The Scapa Flow Landscape Partnership Scheme

The loss of the Johanna Thorden

The Johanna Thorden was a Finnish vessel, travelling from New York and was bound for Gothenburg in Sweden on 12 January 1937, when she ran into severe weather. In the early hours of the morning, hurricane-force gales drove her aground in the Pentland Firth.

 The Johanna Thorden

The shock of the impact rendered the ship's wireless useless and prevented the transmission of an SOS. Crewmen set off distress rockets and a fire was started on deck to attract the attention of lighthouse keepers nearby, but these desperate measures were not seen.

The ship was plunged into darkness when flooding in the engine room led to the power failing. Twenty-one members of the crew, along with two women and their sons, got into one of the lifeboats. An hour later a second lifeboat was sent out with the remaining 13 passengers and crewmen on board. After three hours battling on the sea, only eight men managed to make it ashore.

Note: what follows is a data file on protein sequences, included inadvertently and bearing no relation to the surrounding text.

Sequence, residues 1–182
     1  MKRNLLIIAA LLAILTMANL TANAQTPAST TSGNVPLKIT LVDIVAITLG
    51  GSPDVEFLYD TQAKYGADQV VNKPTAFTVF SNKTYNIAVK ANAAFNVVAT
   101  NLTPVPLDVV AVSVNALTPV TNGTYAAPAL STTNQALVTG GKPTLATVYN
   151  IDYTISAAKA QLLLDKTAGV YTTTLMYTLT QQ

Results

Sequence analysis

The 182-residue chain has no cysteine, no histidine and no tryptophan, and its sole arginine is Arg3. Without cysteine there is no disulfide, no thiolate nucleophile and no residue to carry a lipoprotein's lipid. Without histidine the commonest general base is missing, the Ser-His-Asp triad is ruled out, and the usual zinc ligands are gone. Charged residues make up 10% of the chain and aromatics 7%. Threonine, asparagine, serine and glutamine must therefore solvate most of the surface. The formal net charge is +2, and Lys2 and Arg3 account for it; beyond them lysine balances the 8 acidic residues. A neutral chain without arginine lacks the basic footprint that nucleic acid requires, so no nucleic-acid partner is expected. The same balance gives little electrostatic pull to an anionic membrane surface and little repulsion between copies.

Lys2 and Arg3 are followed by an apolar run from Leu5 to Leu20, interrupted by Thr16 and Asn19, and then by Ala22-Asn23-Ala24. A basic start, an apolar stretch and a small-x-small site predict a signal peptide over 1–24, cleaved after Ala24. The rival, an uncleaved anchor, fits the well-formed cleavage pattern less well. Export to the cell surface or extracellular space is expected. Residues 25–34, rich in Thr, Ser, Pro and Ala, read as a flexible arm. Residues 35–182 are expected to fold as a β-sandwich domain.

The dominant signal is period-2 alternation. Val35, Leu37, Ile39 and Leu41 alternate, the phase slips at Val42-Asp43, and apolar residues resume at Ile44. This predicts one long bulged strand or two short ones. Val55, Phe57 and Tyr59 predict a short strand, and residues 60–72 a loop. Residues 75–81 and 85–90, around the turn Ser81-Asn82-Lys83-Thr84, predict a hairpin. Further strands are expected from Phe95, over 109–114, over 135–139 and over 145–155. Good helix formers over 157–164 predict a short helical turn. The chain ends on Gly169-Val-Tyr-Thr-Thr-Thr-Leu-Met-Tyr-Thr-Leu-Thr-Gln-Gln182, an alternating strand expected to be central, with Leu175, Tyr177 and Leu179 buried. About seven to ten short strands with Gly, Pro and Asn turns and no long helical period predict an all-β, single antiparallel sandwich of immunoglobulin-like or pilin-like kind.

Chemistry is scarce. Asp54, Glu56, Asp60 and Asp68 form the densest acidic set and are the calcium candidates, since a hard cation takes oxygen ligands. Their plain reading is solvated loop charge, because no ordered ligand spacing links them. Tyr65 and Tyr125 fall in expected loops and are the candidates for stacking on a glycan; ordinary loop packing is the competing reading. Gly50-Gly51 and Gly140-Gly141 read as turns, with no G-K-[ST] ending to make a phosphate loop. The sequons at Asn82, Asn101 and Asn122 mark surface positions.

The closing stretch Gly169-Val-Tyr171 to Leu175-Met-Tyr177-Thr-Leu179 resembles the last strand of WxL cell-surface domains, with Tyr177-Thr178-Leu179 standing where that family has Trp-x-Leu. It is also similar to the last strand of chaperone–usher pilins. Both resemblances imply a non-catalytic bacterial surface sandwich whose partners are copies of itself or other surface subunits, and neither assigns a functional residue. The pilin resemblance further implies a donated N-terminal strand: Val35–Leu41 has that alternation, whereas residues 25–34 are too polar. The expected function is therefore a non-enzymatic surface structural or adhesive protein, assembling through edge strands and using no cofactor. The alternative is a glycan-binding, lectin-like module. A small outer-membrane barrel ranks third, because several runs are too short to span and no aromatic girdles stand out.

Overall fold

One of the survivors said later: "The boat upended three times in succession, throwing us all into the sea. We were washed ashore, along with the boat. Our captain and unfortunate comrades who died were battered so severely that I do not think they drowned. They were probably killed in the first smash."

Thirty people lost their lives and some are buried in Orkney. The photographs below show a gravestone erected to the memory of two of the men lost in the tragedy in St Peter's Kirk graveyard at Kirkpoint, South Ronaldsay. It is a lovely stone which has been carved to form hands in prayer.

        Memorial in South Ronaldsay to two men lost on the Johanna Thorden